It still hurts that Wayne McCullough didn't take a gold medal from Barcelona.

Cruz had been doing three training sessions a day with the Belfast boxer and knew when Wayne was put down in the first round of his Commonwealth Games quarter-final bout that he'd go on to win. He'd schooled McCullough well in Cuban ringcraft.

"There would have been two gold medals in Barcelona but for Wayne McCullough's injury," he insists. "At the 1993 World Championships in Helsinki the Cuban (Joel Casamayor Johnson) told me: "If there'd been 50 seconds more he'd have beaten me. I had nothing left in the tank."

Michael Carruth's opponent, Juan Hernández, hadn't been beaten in over three years. But he'd been a pupil of Nicolas Cruz who knew his style intimately.

"Michael understood the game plan," recalls Nicolas. "We trained in private. Michael believed the plan. He was as cool as a cucumber."

At that moment of glory, Cruz could never have guessed the cruel twists of fate that lay ahead.

The Cubans would later ban him and complain to the IABA. "So they dropped me and I didn't have any more payment," he says.

He was allowed to sleep on a mattress in the Stadium where he'd sweep out the venue after bingo sessions. Among his tasks was to clean the Ringside Club toilets after functions. Stranded in Ireland, his marriage broke up.

Consumed by regret, loneliness and self-loathing, the former High Performance coach became suicidal. "In 1998 my dad died and the Cuban Embassy refused me a visa to go and bury my dad," he recalls. "I was in a deep hole. There was no way out. I had my rope ready. I was going to hang myself."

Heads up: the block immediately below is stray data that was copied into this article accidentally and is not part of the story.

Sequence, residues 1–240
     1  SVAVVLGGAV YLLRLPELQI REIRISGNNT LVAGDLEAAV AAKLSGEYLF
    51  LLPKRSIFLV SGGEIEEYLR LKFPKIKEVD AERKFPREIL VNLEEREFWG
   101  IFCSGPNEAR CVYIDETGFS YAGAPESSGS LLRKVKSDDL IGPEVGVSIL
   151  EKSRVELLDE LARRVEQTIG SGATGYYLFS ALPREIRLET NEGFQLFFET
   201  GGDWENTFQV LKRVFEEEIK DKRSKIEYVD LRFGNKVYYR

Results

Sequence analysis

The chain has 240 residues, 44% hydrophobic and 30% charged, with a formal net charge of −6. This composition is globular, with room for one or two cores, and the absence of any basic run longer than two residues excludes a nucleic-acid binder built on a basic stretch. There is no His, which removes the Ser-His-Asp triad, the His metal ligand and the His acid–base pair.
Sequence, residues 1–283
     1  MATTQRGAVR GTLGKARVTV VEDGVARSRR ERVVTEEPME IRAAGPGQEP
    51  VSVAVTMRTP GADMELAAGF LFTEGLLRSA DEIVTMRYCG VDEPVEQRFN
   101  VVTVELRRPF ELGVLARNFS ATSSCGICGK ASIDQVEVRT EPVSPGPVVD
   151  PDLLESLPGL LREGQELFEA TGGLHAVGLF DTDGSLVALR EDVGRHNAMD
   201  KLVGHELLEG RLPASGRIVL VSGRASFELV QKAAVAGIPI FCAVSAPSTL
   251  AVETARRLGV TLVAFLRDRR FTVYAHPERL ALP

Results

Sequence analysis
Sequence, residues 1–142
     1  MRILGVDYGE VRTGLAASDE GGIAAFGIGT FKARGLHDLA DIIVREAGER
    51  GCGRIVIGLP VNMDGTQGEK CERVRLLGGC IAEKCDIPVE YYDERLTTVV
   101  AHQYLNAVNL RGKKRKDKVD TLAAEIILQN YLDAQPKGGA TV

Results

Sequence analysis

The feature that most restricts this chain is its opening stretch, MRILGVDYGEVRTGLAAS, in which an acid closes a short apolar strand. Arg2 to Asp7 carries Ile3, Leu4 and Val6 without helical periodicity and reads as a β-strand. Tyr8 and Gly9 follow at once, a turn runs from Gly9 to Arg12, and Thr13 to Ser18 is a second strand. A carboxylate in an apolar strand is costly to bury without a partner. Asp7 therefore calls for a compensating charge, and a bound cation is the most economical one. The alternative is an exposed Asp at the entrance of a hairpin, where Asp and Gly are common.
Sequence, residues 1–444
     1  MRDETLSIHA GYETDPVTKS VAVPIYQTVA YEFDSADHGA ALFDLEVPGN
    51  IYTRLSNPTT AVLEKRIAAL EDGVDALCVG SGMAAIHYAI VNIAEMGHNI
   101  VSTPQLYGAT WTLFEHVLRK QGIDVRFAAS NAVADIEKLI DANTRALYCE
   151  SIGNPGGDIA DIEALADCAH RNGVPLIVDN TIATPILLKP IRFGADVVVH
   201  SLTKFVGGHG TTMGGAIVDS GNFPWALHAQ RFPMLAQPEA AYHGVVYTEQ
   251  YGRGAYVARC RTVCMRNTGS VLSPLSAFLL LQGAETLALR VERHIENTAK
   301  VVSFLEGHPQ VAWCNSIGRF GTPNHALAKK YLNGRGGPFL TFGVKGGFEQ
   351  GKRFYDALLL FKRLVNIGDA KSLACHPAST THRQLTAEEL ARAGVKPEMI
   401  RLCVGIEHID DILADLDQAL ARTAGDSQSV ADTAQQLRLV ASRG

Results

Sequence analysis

A chance meeting with a Shaolin monk provided him with the sliver of hope he needed to survive.

Today, he uses the same rope in his training sessions.

"Now I have a nice place to live and I have my work," he says brightly. "This is a beautiful country."

Would he like to still be involved with Ireland's Elite team?

"Absolutely," Nicolas insists. "That's what brought me to this country in the first place. I owe boxing nearly everything I have. I met my best friends here through boxing. I think it's time for me to help Irish boxing and Ireland."

Like everyone else, Nicolas was bitterly disappointed by Ireland's results in Rio.

"Brazil broke my heart," he says. "It was the biggest and strongest team ever. It should have done better. It could have done better if things had been handled differently. The judging was bad but the first thing you do when you go to a competition and your country brings a referee or a judge, is to be in touch with him every day to find out what's discussed at the meetings. You then draw your plans with your boxers.

"It's the Olympics. Take no chances.You do what the judges are looking out for. Showboating and fancy footwork is a waste of time and energy. Medals were thrown away because of that.


"There was misunderstanding," he adds. "Chaos. Lack of harmony. Whatever you want to call it. There were things that happened there that I would never have allowed in my time.

"What you're trying to do is bring the best at the time," he explains. "I'm not saying I could have done it better than the others. But I was surprised that athletes of that standard came out of there having made basic mistakes.

"I know I can help," he says. "I told Zaur Antia, "You're in charge. I just want to assist. I don't want to be a threat to anyone. I'd like to be with the team. I think Irish boxing needs me."